Safflower (Carthamus tinctorius L.) seed attenuates memory impairment induced by scopolamine in mice via regulation of cholinergic dysfunction and oxidative stress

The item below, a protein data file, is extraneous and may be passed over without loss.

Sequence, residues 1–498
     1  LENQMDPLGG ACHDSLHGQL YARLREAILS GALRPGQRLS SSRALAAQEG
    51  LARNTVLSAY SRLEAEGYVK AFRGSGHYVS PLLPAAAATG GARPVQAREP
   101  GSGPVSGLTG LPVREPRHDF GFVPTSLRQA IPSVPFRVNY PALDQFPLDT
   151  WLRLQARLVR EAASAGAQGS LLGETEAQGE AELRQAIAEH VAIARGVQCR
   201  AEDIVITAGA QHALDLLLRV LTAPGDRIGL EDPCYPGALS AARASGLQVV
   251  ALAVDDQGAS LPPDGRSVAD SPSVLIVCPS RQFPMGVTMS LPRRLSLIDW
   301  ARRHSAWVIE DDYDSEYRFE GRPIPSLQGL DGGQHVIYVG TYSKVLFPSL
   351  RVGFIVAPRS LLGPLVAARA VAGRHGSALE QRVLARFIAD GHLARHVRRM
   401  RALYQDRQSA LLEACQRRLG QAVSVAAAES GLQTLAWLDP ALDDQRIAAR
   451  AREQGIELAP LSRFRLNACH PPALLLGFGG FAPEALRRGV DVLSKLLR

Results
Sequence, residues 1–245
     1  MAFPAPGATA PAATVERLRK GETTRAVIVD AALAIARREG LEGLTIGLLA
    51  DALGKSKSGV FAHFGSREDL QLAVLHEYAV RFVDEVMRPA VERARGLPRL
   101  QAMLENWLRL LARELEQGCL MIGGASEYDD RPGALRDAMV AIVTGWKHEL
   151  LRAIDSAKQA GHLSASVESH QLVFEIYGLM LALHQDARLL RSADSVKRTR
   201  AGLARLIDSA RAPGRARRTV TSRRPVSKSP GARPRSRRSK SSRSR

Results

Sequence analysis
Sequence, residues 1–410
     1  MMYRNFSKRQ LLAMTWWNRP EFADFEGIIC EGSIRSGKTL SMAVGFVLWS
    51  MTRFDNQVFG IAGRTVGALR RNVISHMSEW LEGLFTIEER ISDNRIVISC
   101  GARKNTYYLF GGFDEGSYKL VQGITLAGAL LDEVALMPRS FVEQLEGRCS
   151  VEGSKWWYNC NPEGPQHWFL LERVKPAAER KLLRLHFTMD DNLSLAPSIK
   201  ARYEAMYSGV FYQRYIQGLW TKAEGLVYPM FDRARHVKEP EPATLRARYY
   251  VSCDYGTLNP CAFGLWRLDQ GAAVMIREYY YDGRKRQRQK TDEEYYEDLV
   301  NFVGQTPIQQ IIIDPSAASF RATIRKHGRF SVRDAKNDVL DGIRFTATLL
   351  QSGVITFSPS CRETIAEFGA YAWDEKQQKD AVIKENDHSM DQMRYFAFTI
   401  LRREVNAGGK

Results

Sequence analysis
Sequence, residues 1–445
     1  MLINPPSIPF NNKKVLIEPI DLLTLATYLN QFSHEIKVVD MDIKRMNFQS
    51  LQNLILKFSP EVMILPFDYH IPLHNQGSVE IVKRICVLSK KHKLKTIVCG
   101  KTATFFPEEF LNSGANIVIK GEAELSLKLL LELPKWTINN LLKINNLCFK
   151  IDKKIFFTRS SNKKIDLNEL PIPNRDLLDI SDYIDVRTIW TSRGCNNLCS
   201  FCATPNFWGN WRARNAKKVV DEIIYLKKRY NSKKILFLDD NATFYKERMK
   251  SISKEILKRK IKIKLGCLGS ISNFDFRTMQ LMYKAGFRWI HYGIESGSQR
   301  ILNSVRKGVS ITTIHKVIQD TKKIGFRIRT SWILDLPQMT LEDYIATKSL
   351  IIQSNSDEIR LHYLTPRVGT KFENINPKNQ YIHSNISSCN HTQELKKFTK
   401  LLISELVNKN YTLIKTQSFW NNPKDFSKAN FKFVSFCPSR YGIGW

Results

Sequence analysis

The cholinergic dysfunction and oxidative stress are the most common causes of Alzheimer’s disease (AD). Safflower seeds contain various anti-oxidant and cholinergic improvement compounds, such as serotonin and its derivatives. In the present study, we investigated protective effects and mechanisms of safflower seeds on scopolamine-induced memory impairment in the mouse model. Safflower seed extract was orally administered at the dose of 100 mg/kg/day, and then behavior tests (such as T-maze and novel object recognition test) were conducted. Acetyl cholinesterase (AChE) activity, reactive oxygen species (ROS) production, and antioxidant enzymes in the brain were measured. In behavior tests, the novel route and object recognitions were improved by the administration of safflower seeds, which suggests that safflower seeds improve memory function in the scopolamine-treated mouse model. In addition, safflower seed-administered group showed inhibition of the AChE activity and improved cholinergic dysfunction. Furthermore, the administration of safflower seeds resulted in a lower ROS production and higher antioxidant enzymes levels as compared to the scopolamine-treated group, suggesting the protective role of safflower seeds against oxidative stress. The results of the present study suggest that safflower seeds improve scopolamine-induced memory deficits via inhibition of cholinergic dysfunction and oxidative stress. Therefore, safflower seeds might become a promising agent for memory improvement in AD patients.